Sharing a heart-breaking story of her how her husband died, who was a delivery driver, due to overexhaustion, a woman commented on social media that she had to deal with many angry texts from customers who were demanding for updates on their orders. She said she was standing in front of his body, texting on his phone apologising to each customer while still in extreme shock.
Nur Syafiq wrote, “To this day, I don’t understand why the employers didn’t update the customers and arrange another date and time for delivery,” adding that services like Foodpanda could replace the food order immediately by dispatching another rider, or even offering customers refunds when a delivery person meets into an accident en route.
She stressed, “We need more compassion and efficiency from employers and patience also understanding from customers.”
A screenshot of her original comment was posted on the WakeUp Singapore Facebook page on Wednesday (19 May).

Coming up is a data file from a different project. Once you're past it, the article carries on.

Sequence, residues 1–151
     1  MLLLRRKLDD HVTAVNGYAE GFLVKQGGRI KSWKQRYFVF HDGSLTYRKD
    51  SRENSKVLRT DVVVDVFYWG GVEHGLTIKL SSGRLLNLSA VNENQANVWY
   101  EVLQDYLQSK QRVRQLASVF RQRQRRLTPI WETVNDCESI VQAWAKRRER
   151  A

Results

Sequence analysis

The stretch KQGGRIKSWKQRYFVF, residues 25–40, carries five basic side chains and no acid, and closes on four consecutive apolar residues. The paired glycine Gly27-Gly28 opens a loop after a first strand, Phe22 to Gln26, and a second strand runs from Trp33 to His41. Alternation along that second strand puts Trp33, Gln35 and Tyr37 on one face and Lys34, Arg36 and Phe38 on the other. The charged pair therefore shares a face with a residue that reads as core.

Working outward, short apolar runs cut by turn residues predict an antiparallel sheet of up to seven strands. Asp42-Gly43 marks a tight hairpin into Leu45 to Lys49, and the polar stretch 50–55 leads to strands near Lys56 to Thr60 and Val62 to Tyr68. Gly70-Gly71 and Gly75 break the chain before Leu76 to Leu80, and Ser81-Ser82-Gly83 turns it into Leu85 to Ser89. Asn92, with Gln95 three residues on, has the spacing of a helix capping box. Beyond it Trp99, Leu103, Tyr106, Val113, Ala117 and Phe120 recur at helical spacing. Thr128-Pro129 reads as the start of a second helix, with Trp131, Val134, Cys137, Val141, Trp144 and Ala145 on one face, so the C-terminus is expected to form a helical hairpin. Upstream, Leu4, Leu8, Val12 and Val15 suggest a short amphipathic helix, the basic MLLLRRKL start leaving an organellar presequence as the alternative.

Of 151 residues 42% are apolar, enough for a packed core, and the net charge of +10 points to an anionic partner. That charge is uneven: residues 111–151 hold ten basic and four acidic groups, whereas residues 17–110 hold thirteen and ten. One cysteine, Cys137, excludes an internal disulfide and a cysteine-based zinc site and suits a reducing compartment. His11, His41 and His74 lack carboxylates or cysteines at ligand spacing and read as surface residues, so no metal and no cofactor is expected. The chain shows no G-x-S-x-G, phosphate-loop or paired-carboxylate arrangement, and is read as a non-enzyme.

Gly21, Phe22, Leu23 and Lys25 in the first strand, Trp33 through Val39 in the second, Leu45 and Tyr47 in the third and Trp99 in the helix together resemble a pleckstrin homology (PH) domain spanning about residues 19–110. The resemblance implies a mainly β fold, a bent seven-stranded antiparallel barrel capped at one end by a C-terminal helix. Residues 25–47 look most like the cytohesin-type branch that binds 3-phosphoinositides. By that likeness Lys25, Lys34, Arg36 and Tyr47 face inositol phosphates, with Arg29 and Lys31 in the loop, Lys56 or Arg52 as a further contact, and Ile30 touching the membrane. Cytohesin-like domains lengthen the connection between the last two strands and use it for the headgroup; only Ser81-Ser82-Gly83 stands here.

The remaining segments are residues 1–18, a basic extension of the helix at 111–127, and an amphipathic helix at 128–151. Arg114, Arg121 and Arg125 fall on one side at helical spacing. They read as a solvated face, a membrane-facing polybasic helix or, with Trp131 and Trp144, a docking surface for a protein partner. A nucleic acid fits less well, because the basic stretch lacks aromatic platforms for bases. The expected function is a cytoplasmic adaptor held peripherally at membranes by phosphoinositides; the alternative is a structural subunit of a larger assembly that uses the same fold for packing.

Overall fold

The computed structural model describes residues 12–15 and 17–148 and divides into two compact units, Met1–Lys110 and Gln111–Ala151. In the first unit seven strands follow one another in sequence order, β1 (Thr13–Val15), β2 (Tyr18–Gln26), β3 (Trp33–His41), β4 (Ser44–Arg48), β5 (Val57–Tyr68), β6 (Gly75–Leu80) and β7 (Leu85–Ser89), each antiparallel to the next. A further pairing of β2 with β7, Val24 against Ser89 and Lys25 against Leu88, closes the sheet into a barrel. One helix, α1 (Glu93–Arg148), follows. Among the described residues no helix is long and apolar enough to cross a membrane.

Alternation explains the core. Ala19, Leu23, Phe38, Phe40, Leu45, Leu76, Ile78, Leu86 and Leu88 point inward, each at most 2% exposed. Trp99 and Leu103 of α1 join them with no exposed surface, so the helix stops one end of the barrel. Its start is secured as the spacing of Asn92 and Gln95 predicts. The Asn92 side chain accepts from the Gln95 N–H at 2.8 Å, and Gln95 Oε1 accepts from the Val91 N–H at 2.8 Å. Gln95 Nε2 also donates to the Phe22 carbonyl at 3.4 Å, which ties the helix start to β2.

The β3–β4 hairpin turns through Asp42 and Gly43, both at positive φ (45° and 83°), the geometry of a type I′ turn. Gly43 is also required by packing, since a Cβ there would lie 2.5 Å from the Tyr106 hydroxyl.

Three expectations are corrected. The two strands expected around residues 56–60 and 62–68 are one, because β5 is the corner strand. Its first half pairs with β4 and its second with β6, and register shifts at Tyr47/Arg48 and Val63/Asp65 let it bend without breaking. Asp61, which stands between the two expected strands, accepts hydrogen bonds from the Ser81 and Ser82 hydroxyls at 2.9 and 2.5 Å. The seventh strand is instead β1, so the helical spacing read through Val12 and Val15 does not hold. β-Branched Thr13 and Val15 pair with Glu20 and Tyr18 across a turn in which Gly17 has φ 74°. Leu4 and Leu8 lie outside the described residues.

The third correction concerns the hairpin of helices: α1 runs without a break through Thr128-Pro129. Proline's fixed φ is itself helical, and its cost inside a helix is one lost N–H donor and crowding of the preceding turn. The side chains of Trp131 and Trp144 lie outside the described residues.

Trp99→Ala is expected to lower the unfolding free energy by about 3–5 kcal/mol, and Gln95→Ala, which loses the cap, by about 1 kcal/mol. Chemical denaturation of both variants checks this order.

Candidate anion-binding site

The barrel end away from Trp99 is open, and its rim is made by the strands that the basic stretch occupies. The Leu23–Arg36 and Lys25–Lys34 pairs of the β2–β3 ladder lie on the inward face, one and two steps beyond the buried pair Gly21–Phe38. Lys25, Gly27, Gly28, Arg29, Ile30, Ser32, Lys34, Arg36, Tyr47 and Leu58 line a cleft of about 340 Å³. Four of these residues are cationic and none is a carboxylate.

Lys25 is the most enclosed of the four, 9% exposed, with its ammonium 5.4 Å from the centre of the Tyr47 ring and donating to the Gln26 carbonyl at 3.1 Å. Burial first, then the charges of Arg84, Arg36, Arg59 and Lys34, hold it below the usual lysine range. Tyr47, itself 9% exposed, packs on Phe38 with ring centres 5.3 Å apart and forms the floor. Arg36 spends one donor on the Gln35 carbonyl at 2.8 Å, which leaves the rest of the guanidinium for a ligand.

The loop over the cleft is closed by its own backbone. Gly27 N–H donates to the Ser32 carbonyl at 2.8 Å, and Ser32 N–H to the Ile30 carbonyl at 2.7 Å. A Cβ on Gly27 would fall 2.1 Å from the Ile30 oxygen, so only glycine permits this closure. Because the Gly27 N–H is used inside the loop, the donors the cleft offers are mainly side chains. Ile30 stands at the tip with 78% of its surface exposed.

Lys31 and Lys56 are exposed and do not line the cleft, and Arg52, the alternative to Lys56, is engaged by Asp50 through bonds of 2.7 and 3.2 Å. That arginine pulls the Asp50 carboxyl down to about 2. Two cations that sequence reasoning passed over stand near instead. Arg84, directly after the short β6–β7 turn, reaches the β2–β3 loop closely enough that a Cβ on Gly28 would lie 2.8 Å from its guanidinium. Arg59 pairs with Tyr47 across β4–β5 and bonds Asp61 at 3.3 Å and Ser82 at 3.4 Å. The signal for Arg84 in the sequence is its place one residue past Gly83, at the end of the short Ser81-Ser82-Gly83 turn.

Commenting at WakeUp Singapore’s post, Ms Nur Syafiq said that her husband’s dashcam footage was never shown to her, and that there was “no foul play” either.
“He passed due to over exhaustion,” she said, describing it as the “most traumatising experience” for her and her two children. At the time, their eldest was taking her O-Levels while their youngest was just four years old.
She said that they were both still seeking counselling and experience flashbacks.
In another comment, she added that his employer had “settled everything” and that the Ministry of Manpower was helpful throughout the process as well.
Ms Nur Syafiq noted in her comments that she has been running a charity driver under her husband’s name for the past two years to assist single mothers. She also ran an adoption drive during the Circuit Breaker period last year, for which her husband used to help her run food deliveries to rental flats.
Replying to another comment, Ms Nur Syafiq explained to a netizen that it isn’t easy for deliverymen to find time to rest given their work hours.
“If its a clustered location, it might be easier, if its islandwide, its a mad rush,” she lamented.
On top of that, some drivers have to load their cargos at different times of the day and return undelivered items at the end of the day. That’s not even to mention the effort in searching for parking when making deliveries, unloading good, updating the system, and making second delivery attempts when the receiver isn’t around.
She said, “It’s not easy. Their salaries should be raised.”
Messages sent by Ms Nur Syafiq to complaining customers